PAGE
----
This article is written by Peters and Associates.
Question: I own a Volkswagen diesel. I’ve seen a lot in the news about the company lying about emissions; maybe my car shouldn’t have passed. I also see officials hope to update the software soon so the car shows its true colors. Can I sue Volkswagen? What if I can’t pass a smog test anymore? Is my car worthless?
- John S., Las Vegas
Answer: You’re right, John. There definitely has been a lot in the news about the VW diesel situation. And now that the company has admitted actual wrongdoing, and the media have stopped using the word “allegedly,” quite a few consumers are asking your same questions.
Unfortunately, it’s too early in the process to be able to give you any specific answers.
As you may have guessed, this is an issue that’s bigger than any single consumer. In fact, it’s a worldwide problem and the U.S. Environmental Protection Agency just happened to be the agency to issue the Notice of Violation - based on research from the International Council on Clean Transportation and the California Air Resources Board.
This isn’t the first time the the EPA has cited a manufacturer for cheating on emissions tests. Since the Clean Air Act was passed in 1963, several companies, including Chrysler, Ford, GM, Toyota, Honda and VW again in 1973, have been accused of using defeat devices to bypass emissions standards. In most instances, the auto companies reached agreements with the government that left the cars already on the road, on the road. The wiki page for “defeat device” has a pretty good timeline.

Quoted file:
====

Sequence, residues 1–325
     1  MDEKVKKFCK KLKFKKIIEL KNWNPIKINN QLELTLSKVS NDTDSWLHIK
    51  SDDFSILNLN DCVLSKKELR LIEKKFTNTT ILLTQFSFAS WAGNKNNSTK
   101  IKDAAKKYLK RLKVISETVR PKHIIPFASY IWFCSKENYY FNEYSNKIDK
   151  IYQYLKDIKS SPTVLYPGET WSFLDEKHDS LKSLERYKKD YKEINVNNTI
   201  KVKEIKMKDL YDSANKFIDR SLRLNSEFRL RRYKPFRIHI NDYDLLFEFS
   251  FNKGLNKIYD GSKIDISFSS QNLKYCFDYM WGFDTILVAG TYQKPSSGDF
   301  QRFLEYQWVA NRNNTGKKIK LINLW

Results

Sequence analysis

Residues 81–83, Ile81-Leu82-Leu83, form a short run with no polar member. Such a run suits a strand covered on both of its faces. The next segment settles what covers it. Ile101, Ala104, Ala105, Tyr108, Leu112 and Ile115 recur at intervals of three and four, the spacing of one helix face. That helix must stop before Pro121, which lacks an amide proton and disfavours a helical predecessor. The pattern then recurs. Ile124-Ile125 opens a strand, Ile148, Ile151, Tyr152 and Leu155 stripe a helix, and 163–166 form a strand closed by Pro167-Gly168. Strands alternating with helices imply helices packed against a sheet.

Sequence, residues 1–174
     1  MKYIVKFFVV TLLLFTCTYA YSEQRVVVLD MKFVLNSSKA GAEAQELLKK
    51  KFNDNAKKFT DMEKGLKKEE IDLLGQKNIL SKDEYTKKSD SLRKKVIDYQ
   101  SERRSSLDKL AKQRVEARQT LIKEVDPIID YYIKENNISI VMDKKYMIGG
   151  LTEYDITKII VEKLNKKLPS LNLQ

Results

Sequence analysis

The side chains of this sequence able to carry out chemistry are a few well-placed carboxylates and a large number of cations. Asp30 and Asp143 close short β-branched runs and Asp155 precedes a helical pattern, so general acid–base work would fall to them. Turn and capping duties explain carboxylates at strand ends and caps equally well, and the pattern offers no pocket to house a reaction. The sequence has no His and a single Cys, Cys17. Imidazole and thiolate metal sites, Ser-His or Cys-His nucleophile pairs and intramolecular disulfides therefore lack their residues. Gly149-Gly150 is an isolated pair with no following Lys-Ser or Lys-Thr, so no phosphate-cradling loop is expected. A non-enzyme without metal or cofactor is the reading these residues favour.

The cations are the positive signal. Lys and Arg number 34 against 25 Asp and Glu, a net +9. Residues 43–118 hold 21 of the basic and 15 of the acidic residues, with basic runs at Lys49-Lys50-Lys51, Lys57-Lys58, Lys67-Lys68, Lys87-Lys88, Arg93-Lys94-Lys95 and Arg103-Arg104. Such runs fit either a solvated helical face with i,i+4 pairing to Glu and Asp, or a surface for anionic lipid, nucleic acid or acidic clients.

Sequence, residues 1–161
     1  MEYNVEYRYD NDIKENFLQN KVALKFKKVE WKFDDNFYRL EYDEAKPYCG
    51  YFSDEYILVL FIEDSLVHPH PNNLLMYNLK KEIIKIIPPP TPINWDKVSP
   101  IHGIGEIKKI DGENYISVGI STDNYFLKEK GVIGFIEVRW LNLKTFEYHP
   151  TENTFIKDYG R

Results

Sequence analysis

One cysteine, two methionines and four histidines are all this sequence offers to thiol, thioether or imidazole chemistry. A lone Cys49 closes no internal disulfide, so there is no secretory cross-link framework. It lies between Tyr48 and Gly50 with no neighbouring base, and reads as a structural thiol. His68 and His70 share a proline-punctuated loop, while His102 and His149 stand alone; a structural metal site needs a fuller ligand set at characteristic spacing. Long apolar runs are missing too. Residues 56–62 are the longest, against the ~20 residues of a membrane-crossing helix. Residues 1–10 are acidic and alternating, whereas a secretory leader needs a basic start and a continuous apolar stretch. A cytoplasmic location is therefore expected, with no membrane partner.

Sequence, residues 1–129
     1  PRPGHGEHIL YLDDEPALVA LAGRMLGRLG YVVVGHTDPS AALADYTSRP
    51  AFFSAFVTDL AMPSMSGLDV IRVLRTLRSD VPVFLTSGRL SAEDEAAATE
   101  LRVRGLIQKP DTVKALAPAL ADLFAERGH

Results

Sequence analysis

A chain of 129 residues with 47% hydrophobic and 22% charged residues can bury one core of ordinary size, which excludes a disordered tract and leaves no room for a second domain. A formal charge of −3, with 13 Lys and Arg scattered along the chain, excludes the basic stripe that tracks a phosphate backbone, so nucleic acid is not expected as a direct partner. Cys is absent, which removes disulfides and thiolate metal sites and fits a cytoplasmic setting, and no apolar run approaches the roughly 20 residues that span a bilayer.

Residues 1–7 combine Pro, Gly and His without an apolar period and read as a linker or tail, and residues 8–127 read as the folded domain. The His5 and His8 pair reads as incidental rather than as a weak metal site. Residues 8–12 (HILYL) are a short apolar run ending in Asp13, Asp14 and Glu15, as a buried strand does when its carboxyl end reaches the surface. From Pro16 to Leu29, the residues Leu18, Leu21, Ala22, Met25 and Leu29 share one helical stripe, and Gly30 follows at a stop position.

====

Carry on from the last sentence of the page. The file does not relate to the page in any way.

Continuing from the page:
As an attorney, I try to estimate what’s going to happen based on historical outcomes, and this case is no different. The previous cases included huge fines, recalls for fixes, warranty repairs, pollution reduction projects and more. Consumers were left with their vehicles (although some were ordered in for repairs), and the settlements ensured that the damage done to the environment was mitigated in other ways. The consumer’s recourse in the historical cases was limited to the settlements paid to the government and to repairs to their vehicle, when required.
Society is a bit different now, and there is seemingly more concern about the environment and emissions than ever before, so I’d expect we’ll see record-setting penalties and reparations handed out to VW. I’d also expect to see a class-action lawsuit for the benefit of consumers who purchased these cars once we have more details.
Right now though, we need more chips to fall. So your best bet is to wait a while and keep your eyes on the global goings-on in this case.
Thanks for your question!
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Please note: The information in this column is intended for general purposes only and is not to be considered legal or professional advice of any kind. You should seek advice that is specific to your problem before taking or refraining from any action and should not rely on the information in this column.